Tuesday, September 4, 2012

Show review: Charlie Mars at City Winery, 9/2

By Gene Wagendorf III

When I was first offered the chance to cover Charlie Mars' Labor Day weekend gig, I hesitated. Slick singer/songwriters aren't generally for me, and with few exceptions I prefer not to write about music I really don't like. There's usually little point in slamming an artist, especially knowing going in that they're unlikely to be something I'm going to digest well. Luckily I decided I couldn't pass up the chance to check out Chicago's newest venue, the swank yet surprisingly laid back City Winery.

Well, you can't judge a book by its cover, and apparently you can't judge a singer by his pretty boy looks. 

Mars confessed at the get-go that he's seen one too many episodes of VH1 Storytellers, and playing without a backing band gave him the chance to showcase his considerable songwriting talent, as well as to indulge in some story telling of his own. The result was less a straight concert and more a one man show, an impressive combination of charm, humor and nuance- both in the music and in the tales behind it.

 "I Do I Do," which appears on the recently released Blackberry Light, swayed on a fragile melody, taut enough to support some of the night's more simplistic lyrics, but spacious enough to lend them gravity. The love song's precision and grace was made even more impressive by the admission that it was written hastily the night before a friend's wedding. "Meet Me By The Back Door," Mars' tongue-in-cheek attempt at "sexing up" his image, was catchy in its silliness while still providing a showcase for clever turns of phrases. Some of the evening's biggest laughs came at lines like I got a little/ I could use a little more and why do you make me wait so long/ when you know I got this monkey to please. A more serious and moving metaphor was the foundation of "Blackberry Light," a studied meditation in which Mars compares his own listlessness to fumbling in the dark by the glow of cell phone.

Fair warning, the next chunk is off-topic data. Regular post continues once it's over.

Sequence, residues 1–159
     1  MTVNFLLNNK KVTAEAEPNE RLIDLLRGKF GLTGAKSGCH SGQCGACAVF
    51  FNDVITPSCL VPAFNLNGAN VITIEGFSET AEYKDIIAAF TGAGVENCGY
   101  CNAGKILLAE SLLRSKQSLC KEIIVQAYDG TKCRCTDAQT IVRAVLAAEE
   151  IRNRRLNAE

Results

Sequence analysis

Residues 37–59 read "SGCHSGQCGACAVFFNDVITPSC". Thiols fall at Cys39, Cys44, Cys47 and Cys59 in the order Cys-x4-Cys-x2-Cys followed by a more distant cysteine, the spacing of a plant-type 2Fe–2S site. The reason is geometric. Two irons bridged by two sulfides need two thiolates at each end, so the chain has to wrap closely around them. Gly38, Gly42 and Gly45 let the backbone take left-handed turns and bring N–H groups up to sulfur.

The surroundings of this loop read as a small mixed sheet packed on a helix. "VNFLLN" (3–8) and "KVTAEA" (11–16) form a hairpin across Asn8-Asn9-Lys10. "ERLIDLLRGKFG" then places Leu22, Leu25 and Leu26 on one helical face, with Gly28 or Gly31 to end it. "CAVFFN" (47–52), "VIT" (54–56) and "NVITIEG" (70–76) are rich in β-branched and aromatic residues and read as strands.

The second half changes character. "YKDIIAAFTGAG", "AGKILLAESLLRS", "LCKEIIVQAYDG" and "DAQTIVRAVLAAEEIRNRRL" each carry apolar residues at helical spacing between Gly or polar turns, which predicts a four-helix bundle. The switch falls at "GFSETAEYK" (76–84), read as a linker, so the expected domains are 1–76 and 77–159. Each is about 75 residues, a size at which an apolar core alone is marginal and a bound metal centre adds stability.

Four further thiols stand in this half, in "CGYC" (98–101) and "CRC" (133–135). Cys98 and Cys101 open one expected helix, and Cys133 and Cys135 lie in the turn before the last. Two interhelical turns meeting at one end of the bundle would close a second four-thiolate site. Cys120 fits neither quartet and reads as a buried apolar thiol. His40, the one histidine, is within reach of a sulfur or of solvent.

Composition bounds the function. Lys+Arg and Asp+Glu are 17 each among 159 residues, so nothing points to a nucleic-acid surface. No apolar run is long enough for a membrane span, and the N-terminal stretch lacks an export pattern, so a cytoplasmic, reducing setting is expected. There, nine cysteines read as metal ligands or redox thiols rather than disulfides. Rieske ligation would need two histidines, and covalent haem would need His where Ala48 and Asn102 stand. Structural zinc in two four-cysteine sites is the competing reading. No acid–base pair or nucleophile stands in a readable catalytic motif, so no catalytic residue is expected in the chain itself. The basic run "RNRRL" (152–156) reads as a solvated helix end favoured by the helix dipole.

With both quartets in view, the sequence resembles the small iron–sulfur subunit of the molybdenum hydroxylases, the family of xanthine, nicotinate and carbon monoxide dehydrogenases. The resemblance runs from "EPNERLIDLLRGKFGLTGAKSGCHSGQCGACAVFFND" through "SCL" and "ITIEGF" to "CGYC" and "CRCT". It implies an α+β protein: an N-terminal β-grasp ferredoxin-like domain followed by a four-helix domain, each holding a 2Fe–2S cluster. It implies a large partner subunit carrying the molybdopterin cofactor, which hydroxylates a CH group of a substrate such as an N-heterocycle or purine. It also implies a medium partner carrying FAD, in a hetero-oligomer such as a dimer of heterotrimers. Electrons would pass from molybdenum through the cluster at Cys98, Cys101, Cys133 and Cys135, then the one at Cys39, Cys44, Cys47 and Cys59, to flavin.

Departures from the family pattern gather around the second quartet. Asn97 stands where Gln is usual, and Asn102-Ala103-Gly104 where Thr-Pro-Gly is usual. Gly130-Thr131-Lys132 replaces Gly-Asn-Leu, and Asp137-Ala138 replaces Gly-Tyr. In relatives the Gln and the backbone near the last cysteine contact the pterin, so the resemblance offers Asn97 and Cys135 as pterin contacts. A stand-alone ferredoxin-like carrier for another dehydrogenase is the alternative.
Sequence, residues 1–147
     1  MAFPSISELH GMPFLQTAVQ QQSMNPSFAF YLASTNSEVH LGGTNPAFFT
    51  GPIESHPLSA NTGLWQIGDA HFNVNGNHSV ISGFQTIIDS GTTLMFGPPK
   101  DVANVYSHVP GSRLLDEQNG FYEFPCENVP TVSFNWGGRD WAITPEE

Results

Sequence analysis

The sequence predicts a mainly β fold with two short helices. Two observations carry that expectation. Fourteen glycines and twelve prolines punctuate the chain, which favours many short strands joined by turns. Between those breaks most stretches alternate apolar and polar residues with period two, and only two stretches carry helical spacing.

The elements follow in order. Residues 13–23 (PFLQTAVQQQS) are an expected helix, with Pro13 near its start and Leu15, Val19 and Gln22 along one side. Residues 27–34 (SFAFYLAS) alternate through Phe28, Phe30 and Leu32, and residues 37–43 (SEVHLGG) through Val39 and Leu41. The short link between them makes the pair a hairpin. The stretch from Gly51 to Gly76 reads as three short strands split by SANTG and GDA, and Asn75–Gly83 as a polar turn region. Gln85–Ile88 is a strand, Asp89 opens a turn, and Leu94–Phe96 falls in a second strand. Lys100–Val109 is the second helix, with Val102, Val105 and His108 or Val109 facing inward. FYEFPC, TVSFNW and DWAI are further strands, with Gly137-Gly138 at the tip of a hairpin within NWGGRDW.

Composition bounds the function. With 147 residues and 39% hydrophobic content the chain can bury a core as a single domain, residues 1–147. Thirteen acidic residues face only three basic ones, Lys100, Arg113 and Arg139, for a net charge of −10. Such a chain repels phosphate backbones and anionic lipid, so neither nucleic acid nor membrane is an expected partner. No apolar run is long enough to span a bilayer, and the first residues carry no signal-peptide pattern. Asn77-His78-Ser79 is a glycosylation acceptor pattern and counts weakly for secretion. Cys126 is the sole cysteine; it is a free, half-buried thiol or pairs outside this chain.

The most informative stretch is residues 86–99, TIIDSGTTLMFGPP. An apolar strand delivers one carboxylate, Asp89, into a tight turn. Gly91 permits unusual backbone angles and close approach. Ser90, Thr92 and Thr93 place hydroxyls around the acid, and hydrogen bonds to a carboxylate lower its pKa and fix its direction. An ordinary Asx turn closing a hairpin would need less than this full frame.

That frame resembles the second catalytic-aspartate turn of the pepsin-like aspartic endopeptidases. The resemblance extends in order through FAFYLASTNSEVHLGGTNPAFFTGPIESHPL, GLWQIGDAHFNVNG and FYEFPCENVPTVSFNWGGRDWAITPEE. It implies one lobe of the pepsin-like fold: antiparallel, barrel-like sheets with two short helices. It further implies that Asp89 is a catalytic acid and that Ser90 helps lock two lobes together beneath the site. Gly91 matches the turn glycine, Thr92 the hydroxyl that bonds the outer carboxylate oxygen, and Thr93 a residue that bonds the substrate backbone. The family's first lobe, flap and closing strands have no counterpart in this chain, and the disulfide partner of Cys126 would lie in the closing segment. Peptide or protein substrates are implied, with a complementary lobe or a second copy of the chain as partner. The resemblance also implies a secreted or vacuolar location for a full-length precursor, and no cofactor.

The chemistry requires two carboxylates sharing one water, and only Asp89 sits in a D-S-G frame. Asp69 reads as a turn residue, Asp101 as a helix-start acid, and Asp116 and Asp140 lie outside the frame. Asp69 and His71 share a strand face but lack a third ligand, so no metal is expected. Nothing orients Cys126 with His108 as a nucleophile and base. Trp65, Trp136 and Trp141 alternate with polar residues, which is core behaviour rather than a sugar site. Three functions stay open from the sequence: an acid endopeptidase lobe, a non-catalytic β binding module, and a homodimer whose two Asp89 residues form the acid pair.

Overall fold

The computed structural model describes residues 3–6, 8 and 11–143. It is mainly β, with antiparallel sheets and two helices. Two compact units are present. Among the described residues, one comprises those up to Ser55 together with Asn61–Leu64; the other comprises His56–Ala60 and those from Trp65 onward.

The only things more prevalent than wordplay during Charlie Mars' set were seductive melodies and references to smoking weed. And here I thought I wasn't going to enjoy myself. The somber tip-toe of  "Listen to the Darkside" shimmered in its minimalism, allowing Mars' nimble vocals to take center stage. While the idea that toking up to Pink Floyd can ease all forms of weariness is sentimental at best, the singer's thoughtful croon was more than convincing. The song also served as an interesting companion piece to "How I Roll," a bluesy, paranoid jaunt whose pop fell a bit flat without a backing band. "Roll" was the exception though, as I enjoyed Mars more without the glossy  production and noodling that sags a few songs on Blackberry Light. "Got To Be Blue" epitomized just what the singer is capable of when left to his own devices; the thoughtful ballad-of-the-down-and-out was the most mesmerizing and emotional tune of the night. I'm hoping Mars can fend off his producers long enough get it recorded without any added pomp. The evening closed with a positively appropriate cover of "The Joker," a song that seemed almost perfectly autobiographical. The man tokes, and he jokes, and he showed City Winery a good time.

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